The Archive of Modern Conflict has a track record of creating excellent books. As a vast depository of photographic material from the 20th century, it gives writers and editors endless inspiration and material to draw from. However, it takes a truly special writer to create a book like Pictures of You. Prior to writing this book Rory MacLean has written an account of Europe after the fall of the Berlin Wall, a travelogue of the overland Asian hippy trail and the much feted BERLIN: Imagine a City, a changing portrait of the city over 500 years. Pictures of You takes this theme of transformative journeys, present throughout MacLean’s work, and refracts it backwards, creating ten journeys in time each inspired by a different photograph in the archive.

The result is a book which weaves through history, combining fact with fiction to create stories that convey real truths about the human condition. The narrative arc of the book is held together by MacLean’s experiences in the archive, but the book is most powerful when it dives headfirst into a different life. The small, lightweight paperback is bound in a silver mirrored cover. Inside, the photographs that form the basis of the stories play around the page: sometimes cut and pasted into a simulated comic book, at other times appearing as if fed through a bad photocopier.

By taking this personal, and almost backwards, approach to archival research, MacLean has been able to create something beautiful and quite affecting. We recently spoke to Rory about the creation of the book and the power of combining fact with fiction to create a truly compelling story.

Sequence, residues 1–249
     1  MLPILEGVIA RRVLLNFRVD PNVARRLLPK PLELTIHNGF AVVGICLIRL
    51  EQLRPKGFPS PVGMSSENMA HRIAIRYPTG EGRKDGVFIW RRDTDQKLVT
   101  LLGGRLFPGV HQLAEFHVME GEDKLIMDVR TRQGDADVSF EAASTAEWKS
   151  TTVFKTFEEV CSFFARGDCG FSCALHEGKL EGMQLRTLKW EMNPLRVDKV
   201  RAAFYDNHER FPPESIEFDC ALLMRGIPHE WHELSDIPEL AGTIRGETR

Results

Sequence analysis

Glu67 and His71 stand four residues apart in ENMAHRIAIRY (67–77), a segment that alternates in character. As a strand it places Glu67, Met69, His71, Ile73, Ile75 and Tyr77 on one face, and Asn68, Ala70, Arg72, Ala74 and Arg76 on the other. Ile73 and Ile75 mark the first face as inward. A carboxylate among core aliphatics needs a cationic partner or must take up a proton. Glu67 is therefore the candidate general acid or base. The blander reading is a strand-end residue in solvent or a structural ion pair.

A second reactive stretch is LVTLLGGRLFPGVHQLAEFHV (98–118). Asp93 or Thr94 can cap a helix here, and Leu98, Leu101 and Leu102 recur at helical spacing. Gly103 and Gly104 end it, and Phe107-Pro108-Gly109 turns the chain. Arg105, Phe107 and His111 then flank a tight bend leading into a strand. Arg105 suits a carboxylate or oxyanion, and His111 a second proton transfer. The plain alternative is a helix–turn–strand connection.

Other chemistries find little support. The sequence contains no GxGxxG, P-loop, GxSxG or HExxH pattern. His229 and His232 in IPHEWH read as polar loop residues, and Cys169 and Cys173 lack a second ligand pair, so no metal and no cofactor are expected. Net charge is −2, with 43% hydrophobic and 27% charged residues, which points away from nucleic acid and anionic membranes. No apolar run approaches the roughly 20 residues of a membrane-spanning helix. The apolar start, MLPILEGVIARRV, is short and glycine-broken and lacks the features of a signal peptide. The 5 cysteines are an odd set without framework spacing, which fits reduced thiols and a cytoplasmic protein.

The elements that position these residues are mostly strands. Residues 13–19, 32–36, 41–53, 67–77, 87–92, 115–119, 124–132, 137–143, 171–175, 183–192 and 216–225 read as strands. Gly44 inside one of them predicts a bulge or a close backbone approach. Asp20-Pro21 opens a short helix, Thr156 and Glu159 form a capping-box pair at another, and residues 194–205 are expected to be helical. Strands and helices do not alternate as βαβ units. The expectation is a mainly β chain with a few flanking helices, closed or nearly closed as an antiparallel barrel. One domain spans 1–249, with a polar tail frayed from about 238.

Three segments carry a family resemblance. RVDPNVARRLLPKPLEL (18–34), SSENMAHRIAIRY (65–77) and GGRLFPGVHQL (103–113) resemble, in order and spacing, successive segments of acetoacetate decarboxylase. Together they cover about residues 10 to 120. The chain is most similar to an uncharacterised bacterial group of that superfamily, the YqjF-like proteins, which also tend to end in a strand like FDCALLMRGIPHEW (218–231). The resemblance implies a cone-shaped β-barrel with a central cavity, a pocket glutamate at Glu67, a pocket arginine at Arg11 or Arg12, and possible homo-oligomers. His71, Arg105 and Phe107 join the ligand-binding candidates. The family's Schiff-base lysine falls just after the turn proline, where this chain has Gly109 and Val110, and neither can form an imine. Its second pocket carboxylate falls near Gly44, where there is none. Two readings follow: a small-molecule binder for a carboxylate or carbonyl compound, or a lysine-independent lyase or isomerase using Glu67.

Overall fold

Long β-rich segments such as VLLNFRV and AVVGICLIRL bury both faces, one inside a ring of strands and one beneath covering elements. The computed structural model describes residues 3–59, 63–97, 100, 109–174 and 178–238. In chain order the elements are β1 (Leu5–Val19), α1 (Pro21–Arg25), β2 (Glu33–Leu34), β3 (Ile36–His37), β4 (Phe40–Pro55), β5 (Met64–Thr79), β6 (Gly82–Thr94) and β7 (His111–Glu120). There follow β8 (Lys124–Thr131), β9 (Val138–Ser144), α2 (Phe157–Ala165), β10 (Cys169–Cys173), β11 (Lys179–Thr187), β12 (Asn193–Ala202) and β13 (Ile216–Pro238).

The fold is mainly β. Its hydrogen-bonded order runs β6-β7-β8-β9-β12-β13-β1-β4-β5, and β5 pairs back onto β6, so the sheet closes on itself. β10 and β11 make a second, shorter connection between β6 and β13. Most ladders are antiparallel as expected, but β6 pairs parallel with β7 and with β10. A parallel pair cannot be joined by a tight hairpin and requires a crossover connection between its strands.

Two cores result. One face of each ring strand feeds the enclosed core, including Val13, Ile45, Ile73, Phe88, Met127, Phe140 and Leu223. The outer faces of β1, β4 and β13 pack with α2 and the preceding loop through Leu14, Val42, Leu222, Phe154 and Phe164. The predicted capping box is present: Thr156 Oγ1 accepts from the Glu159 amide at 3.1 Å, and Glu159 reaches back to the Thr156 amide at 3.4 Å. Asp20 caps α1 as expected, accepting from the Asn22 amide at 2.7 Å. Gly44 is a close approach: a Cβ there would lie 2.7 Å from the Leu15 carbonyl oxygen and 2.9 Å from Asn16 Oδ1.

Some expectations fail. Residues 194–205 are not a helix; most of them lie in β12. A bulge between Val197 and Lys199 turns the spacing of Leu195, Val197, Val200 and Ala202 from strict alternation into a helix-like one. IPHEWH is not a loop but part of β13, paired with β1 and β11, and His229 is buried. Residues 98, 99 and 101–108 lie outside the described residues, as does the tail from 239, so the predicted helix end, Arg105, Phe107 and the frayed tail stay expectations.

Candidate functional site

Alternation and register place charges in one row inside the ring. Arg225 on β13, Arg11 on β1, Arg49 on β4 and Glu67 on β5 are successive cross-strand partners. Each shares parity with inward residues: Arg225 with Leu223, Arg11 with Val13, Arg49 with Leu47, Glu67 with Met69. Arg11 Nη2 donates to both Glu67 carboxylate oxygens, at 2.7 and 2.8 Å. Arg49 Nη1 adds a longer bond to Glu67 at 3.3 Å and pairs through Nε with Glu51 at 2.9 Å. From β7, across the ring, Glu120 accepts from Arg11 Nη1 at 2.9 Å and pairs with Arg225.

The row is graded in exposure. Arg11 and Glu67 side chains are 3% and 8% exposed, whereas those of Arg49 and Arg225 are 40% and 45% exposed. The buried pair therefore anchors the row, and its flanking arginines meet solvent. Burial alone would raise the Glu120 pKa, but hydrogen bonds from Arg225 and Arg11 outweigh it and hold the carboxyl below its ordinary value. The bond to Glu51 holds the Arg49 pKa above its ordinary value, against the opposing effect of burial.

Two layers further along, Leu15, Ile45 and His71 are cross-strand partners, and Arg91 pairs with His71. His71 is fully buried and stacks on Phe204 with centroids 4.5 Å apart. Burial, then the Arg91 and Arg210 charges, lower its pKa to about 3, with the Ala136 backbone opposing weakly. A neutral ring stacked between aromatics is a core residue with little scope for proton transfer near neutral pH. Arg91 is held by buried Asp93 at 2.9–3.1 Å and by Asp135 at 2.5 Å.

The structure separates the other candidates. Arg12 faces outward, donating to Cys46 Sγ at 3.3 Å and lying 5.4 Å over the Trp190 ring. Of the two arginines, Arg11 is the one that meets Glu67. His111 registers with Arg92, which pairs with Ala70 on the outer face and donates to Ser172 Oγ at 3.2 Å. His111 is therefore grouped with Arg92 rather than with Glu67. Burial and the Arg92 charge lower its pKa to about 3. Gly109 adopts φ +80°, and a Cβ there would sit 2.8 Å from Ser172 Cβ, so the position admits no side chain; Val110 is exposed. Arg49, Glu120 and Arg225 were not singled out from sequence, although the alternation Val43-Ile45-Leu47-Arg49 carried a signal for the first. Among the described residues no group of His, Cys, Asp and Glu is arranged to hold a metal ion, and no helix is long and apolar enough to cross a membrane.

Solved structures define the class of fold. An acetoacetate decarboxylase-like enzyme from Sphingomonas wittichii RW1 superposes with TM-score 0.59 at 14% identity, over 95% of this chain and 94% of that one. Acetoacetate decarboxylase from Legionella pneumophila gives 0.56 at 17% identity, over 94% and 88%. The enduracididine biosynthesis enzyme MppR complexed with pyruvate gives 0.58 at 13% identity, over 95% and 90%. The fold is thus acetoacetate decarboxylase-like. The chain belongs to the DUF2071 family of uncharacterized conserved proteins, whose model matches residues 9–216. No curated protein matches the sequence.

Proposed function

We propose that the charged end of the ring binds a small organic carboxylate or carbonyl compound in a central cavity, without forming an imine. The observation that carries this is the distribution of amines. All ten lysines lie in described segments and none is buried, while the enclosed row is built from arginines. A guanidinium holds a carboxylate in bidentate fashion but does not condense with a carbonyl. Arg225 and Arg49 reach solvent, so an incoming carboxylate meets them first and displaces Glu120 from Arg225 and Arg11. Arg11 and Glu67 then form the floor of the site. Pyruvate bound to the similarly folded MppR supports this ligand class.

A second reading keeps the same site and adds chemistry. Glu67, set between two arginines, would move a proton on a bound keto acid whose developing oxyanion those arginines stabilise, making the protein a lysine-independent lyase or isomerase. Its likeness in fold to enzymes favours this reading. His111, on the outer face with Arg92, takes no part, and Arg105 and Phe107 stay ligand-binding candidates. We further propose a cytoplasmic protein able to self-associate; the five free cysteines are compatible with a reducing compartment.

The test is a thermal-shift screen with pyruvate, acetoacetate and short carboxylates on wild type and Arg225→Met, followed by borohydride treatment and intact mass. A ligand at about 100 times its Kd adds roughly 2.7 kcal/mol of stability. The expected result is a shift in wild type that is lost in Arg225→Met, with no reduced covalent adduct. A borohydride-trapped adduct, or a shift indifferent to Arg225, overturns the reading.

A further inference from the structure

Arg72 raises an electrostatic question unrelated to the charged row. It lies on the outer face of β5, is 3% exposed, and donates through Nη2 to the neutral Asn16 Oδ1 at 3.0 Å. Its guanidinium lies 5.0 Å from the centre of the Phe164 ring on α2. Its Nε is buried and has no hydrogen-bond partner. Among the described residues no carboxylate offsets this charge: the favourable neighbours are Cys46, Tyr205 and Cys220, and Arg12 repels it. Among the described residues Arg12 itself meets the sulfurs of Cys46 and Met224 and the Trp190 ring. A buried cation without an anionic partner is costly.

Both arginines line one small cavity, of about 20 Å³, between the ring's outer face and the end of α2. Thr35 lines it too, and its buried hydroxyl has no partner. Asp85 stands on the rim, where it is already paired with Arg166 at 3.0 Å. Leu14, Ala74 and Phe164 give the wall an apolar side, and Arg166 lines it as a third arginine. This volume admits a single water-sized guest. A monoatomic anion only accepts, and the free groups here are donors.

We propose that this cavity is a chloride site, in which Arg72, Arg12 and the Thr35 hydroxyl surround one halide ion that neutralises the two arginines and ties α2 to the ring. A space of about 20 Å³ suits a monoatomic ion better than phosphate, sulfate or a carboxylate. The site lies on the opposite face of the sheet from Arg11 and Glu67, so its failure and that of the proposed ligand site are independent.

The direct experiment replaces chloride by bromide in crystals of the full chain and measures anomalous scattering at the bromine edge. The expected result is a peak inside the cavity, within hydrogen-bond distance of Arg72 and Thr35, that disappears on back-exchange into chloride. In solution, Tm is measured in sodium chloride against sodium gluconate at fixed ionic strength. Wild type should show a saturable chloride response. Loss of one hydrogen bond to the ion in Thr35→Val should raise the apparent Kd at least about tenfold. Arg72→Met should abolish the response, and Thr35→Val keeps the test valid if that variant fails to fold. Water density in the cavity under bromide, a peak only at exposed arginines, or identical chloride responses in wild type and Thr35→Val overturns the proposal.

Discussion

Who first had the idea for the book? Was it your idea or a project initiated by Archive of Modern Conflict?

To be honest, I don’t remember. I first came across the Archive of Modern Conflict while researching my previous book BERLIN: Imagine a City. Over the last quarter century the Archive has assembled the world’s largest collection of amateur photographs…some four million photographs. Its snapshots, press prints, throwaways and daguerreotypes have been plucked from all over, from Berlin flea markets and Beijing recycling plants, defunct Soviet institutions and small-town auction houses. It’s become one of the world’s most moving image treasures, and virtually no one has heard of it. I simply had to write about it.

How did you approach working in the archive? What did you tackle first?

We all have a shoe box or drawer full of pre-digital photographs, of people whose names we may no longer recall, of distant family members whose story slips into focus only where their lives touched our own. If old enough, the pictures may even be the only record that the person ever existed. I realised that the Archive's collection was a kind of vast shoebox, or lexicon of lives – a compendium of countless actions, thoughts and emotions that I had been given the chance to discover. As for my approach, I decided to chose one photograph — or group of photographs — from each decade of the 20th century, and then to focus on the individuals in the image.